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A ground launched cruise missile (GLCM) is an unmanned aircraft for military attack (e.g., ""pilotless bomber"/"surface-to-surface missile") which uses aerodynamic lift in flight[1] after being launched (usually by firing) from a surface (ground or sea) launcher or site. GLCMs generally used automatic flight control, some GLCMs used airburst nuclear detonations to damage the surface target,[1]:12 and GLCMs include the following:

  • Kettering Bug, a pre-WWII manned aircraft tested with remote control in the United States
  • V-1 flying bomb, "the first true operational GLCM"[1] used in 1944 for the WWII Robot Blitz
  • Republic-Ford JB-2, a US Army Air Forces variant of the V-1
  • Operation Aphrodite and Anvil aircraft, USAAF B-17 or US Navy B-24 bombers flown to targets by remote control after bailout of take-off crews
  • Fieseler Fi 103R Reichenberg, a planned V-1 with cockpit that became a missile when the German pilot bailed out (cf. Japanese manned V-1 models used for kamikaze)
  • KGW-1 Loon, a post-war US Navy variant of the V-1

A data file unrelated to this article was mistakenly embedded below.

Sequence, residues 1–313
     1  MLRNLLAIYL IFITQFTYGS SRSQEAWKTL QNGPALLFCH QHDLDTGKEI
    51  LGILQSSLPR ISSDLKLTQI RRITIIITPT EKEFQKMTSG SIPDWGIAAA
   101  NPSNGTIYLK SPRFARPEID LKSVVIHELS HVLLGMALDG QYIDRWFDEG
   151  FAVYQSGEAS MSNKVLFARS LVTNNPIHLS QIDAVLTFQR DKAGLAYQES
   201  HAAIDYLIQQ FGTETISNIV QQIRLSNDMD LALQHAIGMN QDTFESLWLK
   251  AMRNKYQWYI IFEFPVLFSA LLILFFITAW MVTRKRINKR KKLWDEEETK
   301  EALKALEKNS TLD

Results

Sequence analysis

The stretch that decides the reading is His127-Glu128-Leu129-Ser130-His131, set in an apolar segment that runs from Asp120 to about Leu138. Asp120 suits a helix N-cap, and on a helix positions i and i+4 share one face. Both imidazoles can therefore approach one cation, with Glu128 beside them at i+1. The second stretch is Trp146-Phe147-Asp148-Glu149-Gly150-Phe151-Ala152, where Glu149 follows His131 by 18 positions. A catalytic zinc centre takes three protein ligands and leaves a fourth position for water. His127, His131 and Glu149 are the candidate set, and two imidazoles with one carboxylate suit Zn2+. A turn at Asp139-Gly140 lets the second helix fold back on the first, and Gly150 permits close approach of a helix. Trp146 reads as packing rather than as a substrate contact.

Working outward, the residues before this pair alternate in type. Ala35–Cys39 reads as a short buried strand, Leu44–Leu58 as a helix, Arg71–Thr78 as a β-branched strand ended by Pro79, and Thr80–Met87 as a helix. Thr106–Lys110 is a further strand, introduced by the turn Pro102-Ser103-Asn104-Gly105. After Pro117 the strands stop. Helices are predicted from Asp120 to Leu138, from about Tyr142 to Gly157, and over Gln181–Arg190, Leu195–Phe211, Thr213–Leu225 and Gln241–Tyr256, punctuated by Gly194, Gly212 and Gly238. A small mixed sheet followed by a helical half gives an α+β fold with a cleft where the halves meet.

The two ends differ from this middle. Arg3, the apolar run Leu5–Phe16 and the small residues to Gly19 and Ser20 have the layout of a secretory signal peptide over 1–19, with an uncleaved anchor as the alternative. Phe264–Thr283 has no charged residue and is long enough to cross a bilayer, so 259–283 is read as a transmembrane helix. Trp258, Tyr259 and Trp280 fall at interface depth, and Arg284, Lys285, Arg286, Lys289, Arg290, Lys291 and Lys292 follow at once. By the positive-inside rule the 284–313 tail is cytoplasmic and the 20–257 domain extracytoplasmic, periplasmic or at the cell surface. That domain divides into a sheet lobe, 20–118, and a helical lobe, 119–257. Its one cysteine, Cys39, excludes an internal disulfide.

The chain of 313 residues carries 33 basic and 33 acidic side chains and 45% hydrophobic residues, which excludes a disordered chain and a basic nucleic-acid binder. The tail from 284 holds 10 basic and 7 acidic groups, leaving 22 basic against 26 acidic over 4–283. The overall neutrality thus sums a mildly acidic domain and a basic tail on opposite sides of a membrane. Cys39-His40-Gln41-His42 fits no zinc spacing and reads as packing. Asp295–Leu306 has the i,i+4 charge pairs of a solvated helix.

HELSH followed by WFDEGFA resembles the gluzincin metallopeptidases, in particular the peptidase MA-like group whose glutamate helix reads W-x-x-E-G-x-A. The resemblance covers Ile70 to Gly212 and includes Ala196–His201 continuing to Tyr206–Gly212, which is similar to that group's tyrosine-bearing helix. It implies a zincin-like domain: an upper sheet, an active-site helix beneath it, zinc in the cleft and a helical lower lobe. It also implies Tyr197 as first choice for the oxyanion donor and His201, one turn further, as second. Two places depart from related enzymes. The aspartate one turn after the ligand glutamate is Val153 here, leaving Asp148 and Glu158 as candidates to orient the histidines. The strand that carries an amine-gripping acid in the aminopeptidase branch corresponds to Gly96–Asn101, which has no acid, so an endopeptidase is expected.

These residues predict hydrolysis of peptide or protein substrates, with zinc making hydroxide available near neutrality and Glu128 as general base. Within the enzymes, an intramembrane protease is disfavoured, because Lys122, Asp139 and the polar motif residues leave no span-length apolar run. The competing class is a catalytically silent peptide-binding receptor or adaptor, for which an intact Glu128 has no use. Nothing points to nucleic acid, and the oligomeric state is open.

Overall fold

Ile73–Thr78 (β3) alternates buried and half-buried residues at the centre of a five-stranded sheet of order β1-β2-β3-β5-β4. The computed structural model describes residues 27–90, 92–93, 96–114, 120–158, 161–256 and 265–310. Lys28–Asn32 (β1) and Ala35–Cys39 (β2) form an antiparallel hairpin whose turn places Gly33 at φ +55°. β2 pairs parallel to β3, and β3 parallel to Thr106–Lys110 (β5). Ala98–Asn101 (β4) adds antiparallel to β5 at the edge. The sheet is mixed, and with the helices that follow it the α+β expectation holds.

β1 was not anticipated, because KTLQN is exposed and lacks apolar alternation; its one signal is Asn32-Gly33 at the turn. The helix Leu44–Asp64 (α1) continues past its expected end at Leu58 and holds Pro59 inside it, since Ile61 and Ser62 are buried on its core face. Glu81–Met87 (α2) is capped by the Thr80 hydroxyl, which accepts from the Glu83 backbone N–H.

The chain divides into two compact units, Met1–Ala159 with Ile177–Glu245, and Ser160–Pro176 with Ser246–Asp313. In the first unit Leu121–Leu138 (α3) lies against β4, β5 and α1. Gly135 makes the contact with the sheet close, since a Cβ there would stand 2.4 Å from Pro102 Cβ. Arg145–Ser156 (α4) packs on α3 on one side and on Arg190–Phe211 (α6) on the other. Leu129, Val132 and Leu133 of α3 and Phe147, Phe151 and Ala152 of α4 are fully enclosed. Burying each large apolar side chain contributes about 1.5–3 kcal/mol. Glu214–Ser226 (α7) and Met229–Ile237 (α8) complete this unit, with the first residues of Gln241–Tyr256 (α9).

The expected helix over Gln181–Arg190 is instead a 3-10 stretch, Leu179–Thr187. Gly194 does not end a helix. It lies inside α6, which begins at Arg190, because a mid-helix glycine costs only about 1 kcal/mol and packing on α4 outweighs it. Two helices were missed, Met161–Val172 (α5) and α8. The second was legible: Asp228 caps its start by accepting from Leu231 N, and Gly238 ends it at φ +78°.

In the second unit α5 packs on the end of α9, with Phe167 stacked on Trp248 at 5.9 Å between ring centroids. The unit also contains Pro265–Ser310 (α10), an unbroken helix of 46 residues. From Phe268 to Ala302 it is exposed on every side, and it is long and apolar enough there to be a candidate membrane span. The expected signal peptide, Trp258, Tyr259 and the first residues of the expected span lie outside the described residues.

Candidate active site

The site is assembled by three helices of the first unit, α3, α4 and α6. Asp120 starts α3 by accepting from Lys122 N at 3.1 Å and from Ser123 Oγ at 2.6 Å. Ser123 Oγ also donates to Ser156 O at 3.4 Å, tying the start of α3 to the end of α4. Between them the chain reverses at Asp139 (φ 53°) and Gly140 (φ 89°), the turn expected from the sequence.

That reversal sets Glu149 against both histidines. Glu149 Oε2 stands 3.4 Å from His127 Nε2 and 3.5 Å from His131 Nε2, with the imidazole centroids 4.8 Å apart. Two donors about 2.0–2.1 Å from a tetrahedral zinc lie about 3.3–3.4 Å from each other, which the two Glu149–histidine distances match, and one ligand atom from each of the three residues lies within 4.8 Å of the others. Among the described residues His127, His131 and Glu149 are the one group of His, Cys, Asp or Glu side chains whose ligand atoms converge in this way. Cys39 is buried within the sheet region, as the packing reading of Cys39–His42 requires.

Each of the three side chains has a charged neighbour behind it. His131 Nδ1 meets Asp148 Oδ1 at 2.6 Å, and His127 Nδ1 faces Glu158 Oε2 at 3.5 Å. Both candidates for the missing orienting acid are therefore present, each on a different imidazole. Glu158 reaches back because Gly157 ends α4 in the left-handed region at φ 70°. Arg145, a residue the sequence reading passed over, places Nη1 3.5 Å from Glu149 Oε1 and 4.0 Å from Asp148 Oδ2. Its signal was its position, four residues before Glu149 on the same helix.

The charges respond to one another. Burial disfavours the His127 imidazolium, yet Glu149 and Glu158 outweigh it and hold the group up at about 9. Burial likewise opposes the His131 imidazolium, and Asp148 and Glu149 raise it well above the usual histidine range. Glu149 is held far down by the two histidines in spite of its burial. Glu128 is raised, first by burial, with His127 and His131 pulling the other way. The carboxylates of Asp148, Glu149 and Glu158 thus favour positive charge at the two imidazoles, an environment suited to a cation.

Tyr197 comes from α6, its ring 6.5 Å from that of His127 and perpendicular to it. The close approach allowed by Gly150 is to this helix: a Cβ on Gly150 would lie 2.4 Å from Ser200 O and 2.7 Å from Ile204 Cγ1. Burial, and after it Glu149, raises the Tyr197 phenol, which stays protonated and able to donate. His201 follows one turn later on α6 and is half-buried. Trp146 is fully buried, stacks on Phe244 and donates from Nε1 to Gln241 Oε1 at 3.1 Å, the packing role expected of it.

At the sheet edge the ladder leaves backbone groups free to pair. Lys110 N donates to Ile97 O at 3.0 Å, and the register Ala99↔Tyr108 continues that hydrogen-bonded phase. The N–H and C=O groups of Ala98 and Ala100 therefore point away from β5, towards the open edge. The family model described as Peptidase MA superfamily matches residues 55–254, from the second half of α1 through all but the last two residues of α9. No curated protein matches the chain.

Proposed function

• MGM-1 Matador, a USAF jet-propelled missile with rocket-assisted take off (RATO) guided by MARC and preceded by 15 SSM variants[1]:9
  • Martin MGM-13 Mace, a variant of the Matador
  • Regulus I & II, USN cruise missiles
  • Snark, a USAF cruise missile
  • Navaho missile, a USAF GLCM program carried "AN/APW-11 radar transponder" avionics for tracking by a ground control radar[specify]
to allow—during the autopilot's "automatic stable flight"--command guidance by radio control via an AN/ARW-56 airborne receiver processing commands from the AN/ARW-55 transmitter at the radar station.[2]


  1. 1.0 1.1 1.2 1.3 1.4 Lanning, Lt Col Randall L. (1992) (AD-A258 351 Research Report). United States Air Force Ground Launched Cruise Missiles (Report). Air War College. "MARC (Manual Airborne Radio Control). [sic] It used an AN/MSQ-I mobile ground radar set and an AN/APW-IIA airborne radar assembly (12:129). … "Mace A" … MM-1 Teracruzer … TM-61C Missile Operations Handbook, undated, published by the 701st TMW. … TM-76A Training Plan, Document No. TODO-30021, 9 Mar 61."  (In misnaming "Manual Airborne Radio Control", Lanning cites: 12. "History of USAFE, 1 Jan through 30 Jun 1957, Vol I, Narrative, 15 Nov 57".
  2. "The North American RTV-A-5/X-10". The 456th Fighter Interceptor Squadron: The Protectors of S. A. C.. last update 6/13/2009.  (cites: James N. Gibson: "The Navaho Missile Project", Schiffer Publishing Ltd, 1996 & Jay Miller: "The X-Planes, X-1 to X-45", Midland Publishing, 2001

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